“We Can’t Stop the Brawls Series After Six Episodes”

“I had no tears, it’s like I was in a desert. In his living room in the south of Paris, Aoua replays the film of the events of January 13, 2018, when his son Hismaël, 15, was stabbed to death in a fight. One in the family had called Aoua to tell him that his son’s cousin had been injured in rue de la Roquette. But when they arrive at the scene of the fight, police say it is his son who has been killed.

“Hismo,” as everyone called him, played football, rapped in a band, and was looking for an internship in high school. A teenager like any other whose life was torn off on a sidewalk in the 11th arrondissement. Young people from a rival neighborhood had come to celebrate a friend’s birthday. But the situation degenerates with the children of La Roquette. Insults, fights, stabbings and death at the end of the infernal circle.

In 2020, according to a document from the police prefecture’s gang plan monitoring unit, which Le Parisien revealed, three young people died and 280 were injured in fights in Paris alone. The extent of the phenomenon is difficult to quantify at the national level as many fights pass under the radar.

A poorly covered topic in the media

“Rival gangs”, “violence on the basis of drug trafficking”, these are the words we have become accustomed to reading and hearing about the subject of fights. These confusions are often hidden in miscellaneous box. This would be the problem of increasingly dangerous and violent young people. But reality is much more complex and we cannot save lives if we do not understand it.

Unfortunately, Few funds have been launched today to prevent these wars between young people from neighborhoods, and this topic remains largely invisible or poorly covered in the media. That’s why in the spring of 2021, we’re launching season 1 of Rixes, a six-episode documentary series that takes you to the heart of working-class neighborhoods to meet the men, women, and children whose lives have changed due to the city wars. What makes children kill each other? Who is affected by the fights? How do families deal with this grief? These were the questions we wanted to answer.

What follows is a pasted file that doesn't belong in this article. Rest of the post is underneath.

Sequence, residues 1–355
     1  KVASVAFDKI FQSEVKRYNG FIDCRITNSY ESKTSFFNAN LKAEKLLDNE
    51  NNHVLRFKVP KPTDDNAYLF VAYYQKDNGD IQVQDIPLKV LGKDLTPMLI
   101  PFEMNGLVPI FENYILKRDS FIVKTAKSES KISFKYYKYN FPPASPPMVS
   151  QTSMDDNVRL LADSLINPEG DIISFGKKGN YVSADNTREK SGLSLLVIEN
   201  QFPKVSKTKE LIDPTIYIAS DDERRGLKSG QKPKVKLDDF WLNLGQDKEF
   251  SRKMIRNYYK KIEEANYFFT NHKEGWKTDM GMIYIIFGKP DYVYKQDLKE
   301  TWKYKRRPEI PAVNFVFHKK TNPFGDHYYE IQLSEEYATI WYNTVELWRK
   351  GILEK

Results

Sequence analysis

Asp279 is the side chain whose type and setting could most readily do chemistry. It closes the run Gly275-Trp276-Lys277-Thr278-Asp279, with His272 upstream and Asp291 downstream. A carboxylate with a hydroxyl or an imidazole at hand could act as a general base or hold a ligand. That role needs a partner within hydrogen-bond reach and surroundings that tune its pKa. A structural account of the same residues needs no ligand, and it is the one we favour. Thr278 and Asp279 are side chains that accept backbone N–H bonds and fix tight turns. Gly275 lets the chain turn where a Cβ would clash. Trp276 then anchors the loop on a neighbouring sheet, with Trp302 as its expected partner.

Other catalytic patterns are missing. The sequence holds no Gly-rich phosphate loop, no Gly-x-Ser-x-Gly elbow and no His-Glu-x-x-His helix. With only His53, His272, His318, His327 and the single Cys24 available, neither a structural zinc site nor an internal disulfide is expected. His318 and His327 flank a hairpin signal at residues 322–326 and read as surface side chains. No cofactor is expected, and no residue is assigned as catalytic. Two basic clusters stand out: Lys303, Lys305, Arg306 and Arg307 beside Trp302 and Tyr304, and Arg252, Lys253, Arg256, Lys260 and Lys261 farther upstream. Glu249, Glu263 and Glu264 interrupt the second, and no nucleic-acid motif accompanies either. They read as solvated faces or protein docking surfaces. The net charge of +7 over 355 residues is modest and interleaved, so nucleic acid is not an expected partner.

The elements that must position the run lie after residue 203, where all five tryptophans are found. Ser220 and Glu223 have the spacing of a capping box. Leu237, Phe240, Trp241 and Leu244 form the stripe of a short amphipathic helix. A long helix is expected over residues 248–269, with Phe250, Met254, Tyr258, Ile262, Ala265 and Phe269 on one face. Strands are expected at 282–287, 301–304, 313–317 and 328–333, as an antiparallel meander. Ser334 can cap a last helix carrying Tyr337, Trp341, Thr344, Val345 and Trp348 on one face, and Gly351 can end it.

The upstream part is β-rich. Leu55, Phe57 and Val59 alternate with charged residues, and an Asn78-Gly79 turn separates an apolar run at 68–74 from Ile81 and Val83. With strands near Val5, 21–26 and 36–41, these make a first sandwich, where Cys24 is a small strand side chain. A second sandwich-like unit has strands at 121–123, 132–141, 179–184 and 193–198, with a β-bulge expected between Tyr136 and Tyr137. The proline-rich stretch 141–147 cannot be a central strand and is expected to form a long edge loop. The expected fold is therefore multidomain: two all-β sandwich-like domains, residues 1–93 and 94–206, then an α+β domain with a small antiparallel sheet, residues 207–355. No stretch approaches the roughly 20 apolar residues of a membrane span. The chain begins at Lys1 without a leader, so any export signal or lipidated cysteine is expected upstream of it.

In our first episode, there was Enzo, who was hit by a shotgun in the calf, and whose recovery we had followed. Fatou, whose little brother Waly, 14, was killed in Paris in a fight. Hadjira and her family, still mourning Redouane, were killed in his neighborhood because he would not have shaken hands properly.

We wanted to carry out this project, which we believe is useful, without distorting the brutal reality that puts teenagers on their backs. We wanted to raise awareness on the subject of fights by giving a voice to those directly affected.

The floor of those concerned

This series was conceived with Adama Camara, a Gargeois, whom we interviewed in 2018. If these mutilated young people, these grieving sisters and mothers confided in him, it is because their experiences go hand in hand with the young activist’s personal story. In 2011, his little brother Sada was stabbed to death at Garges-Sarcelles station in Val d’Oise. Three years later, Adama Camara takes revenge and shoots the manager’s brother and his friends present at the scene. They are wounded but escape death. He was sentenced to eight years in prison for attempted murder. Today free, he leads actions on the ground to combat violence in working-class neighborhoods.

It is urgent with a new season

Since the release of season 1, other young people have died in fights. One thing stood out to us:

“We can not stop this show after only six episodes.”

And we have other questions: Many women testified in our first episodes, but what is the place of fathers? In 2021, more young girls died in fights, why are they also affected? How does the court handle these cases? How do the aggressors live once in prison? How do the families of the aggressors live with this violence?

The first season received over eight million views across platforms. The series was shown in more than a hundred popular neighborhoods by Adama Camara. It has served as a support to associations and training workshops set up to reduce this violence. We want to continue this information work, which is more urgent than ever.

Join our campaign to fund season 2 and share it massively around you by clicking here!

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